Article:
Phi Theta Kappa is the largest honor society in American higher education, with more than two million members and 1,200 chapters in the U.S. and beyond. Students must have a 3.5 grade point average to qualify for membership.  


Alexander Says Betsy DeVos Is On Our Children’s Side

At Tuesday’s Senate education committee hearing on the nomination of Betsy DeVos to lead the U.S. Department of Education, Chairman Lamar Alexander (R-Tenn.) said, “Betsy DeVos is on our children’s side.  On charter schools and school choice, she is in the mainstream of those trying to help children succeed and her critics are outside of it.” Alexander, who was ... (click for more)

Cleveland City Schools Activities For The Week Of Jan. 17

Week of Jan. 17 Stuart Elementary Character Ed Breakfast will be Wednesday. Representatives demonstrating Self Discipline will be honored at the breakfast. For more information contact Richelle Shelton, 423-476-8246, rshelton@clevelandschools.org.       Cleveland High School invites you to Open House on Thursday, 5-8 p.m. Students and their families ... (click for more)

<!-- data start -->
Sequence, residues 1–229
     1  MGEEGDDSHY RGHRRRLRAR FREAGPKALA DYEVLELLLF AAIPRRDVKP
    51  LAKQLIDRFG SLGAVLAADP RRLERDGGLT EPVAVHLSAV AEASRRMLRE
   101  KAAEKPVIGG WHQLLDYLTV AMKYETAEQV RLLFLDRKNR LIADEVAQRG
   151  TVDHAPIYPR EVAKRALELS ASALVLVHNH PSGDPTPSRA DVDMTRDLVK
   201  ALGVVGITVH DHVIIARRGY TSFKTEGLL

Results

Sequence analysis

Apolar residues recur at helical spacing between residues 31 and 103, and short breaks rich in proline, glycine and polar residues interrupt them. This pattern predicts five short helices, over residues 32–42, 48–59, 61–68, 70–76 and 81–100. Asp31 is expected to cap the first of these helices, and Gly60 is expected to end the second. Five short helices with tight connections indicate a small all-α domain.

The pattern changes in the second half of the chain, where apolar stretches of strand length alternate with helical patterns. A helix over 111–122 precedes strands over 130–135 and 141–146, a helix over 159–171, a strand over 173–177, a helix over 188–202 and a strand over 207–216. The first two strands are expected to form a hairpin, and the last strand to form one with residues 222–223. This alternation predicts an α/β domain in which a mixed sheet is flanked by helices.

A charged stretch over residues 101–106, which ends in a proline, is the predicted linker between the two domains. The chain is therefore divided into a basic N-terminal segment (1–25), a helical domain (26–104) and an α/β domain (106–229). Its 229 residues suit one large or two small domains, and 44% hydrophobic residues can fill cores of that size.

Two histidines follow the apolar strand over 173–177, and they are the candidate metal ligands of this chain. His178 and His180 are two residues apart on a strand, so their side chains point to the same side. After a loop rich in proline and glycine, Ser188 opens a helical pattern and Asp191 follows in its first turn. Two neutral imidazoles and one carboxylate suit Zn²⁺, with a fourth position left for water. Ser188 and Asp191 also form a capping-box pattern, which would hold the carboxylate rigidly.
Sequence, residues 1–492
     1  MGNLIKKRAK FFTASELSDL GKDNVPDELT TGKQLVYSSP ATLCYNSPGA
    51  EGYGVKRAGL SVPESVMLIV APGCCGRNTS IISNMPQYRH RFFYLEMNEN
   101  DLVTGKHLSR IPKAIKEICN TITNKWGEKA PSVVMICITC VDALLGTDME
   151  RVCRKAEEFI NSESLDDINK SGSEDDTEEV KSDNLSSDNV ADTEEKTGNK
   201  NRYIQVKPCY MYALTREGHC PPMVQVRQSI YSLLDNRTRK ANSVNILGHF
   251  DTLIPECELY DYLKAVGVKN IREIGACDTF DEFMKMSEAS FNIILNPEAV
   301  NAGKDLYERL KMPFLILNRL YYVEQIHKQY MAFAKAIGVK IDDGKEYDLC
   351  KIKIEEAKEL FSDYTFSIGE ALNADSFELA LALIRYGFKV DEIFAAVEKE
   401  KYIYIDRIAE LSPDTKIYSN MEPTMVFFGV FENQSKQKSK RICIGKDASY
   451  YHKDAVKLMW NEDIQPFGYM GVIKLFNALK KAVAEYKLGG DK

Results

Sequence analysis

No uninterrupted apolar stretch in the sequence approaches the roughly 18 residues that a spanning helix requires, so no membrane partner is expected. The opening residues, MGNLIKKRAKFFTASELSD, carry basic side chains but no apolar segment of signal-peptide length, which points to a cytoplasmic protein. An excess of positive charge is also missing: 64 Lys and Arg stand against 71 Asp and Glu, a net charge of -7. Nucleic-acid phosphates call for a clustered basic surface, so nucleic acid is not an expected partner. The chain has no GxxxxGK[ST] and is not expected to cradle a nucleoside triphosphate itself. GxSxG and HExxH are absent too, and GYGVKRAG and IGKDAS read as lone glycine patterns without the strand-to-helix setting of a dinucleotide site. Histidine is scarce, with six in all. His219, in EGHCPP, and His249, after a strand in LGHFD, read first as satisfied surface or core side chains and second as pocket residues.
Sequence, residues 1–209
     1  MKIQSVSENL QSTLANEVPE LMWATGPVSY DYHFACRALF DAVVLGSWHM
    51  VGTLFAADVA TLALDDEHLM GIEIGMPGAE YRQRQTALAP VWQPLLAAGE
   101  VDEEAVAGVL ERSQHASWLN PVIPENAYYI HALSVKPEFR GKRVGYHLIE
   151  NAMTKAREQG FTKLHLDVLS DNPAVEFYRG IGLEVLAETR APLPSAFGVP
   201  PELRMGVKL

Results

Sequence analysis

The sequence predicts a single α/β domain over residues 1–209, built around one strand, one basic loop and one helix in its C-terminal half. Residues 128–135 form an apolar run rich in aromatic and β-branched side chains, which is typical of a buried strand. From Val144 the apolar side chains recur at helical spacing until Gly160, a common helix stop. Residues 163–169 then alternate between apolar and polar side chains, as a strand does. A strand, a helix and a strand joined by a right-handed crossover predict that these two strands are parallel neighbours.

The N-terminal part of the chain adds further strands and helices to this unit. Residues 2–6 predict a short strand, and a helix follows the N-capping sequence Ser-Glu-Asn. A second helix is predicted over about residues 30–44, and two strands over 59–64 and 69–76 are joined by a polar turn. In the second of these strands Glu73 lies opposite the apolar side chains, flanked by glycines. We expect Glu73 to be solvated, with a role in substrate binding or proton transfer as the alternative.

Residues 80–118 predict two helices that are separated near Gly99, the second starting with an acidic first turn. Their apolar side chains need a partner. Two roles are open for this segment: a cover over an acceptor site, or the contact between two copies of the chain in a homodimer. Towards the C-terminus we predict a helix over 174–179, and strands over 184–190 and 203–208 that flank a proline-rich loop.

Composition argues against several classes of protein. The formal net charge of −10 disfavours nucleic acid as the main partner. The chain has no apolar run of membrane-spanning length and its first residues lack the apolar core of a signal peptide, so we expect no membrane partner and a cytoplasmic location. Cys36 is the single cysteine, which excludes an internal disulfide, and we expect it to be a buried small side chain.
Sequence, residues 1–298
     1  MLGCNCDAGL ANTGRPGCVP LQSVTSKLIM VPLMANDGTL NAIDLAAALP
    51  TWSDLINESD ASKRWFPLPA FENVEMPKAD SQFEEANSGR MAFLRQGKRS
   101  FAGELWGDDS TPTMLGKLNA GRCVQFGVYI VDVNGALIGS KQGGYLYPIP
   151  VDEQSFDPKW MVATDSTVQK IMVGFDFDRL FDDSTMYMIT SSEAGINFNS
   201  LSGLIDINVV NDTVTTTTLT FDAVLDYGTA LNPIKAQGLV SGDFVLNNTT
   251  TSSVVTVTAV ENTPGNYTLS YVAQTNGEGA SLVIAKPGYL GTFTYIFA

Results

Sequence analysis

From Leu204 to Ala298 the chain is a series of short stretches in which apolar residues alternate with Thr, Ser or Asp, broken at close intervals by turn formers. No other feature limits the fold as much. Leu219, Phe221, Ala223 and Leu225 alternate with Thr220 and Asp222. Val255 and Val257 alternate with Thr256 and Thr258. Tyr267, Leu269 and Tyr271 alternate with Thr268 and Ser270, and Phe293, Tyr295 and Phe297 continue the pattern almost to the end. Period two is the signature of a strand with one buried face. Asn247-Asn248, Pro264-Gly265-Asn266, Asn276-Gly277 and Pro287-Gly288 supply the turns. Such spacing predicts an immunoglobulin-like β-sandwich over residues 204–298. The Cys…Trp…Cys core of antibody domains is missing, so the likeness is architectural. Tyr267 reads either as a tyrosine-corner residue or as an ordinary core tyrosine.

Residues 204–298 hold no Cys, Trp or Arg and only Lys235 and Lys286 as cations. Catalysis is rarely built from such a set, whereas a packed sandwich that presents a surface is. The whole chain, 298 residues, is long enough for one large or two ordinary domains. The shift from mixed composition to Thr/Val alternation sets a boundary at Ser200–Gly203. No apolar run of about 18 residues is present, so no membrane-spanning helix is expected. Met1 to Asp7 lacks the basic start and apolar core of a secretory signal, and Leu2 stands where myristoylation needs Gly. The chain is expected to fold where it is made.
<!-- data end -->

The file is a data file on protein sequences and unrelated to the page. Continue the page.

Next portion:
Sheriff Deputies-Involved In Shooting After Pursuit Tuesday Night In Soddy Daisy

An officer-involved shooting took place in Soddy Daisy on Tuesday night following "an ongoing pursuit which originated earlier in the evening.". The shooting incident happened around 7 p.m. The chase started shortly after 5 p.m. Hamilton County Sheriff's Office deputies were involved in the shooting. The Sheriff's Office said m ultiple law enforcement agencies ... (click for more)

City Council Told Cost Has Soared For Moving Sewer Line Off Tubman Industrial Site

City Council members were told on Tuesday that the cost has soared for moving a sewer line completely off the Harriet Tubman industrial site. Bill Payne, city engineer, said it initially was around $1.5 million, but is now pegged at over $4 million. Councilman Chris Anderson, who heads the council's economic development committee, said the assertion brought "stunned looks" ... (click for more)

Beyond Freedom Of Speech - And Response

Yes, most people know about the First Amendment to our Constitution, "The right, guaranteed by the First Amendment to the U.S. Constitution, to express beliefs and ideas without unwarranted government restriction."  I being a "deplorable" draw the line when people block traffic, try to disrupt, and even stop an activity through malice and disregard for others. Case being ... (click for more)

Roy Exum: What Else $3 Can Mean

Orchard Knob Middle School, located on North Highland Park Avenue in Chattanooga, led every other secondary school in the state of Tennessee last year with 6.8 percent of its students expelled. So as people are working feverishly to keep the school from being taken over by the state’s Department of Education, allow me to pose a question. Last Friday during the last period of ... (click for more)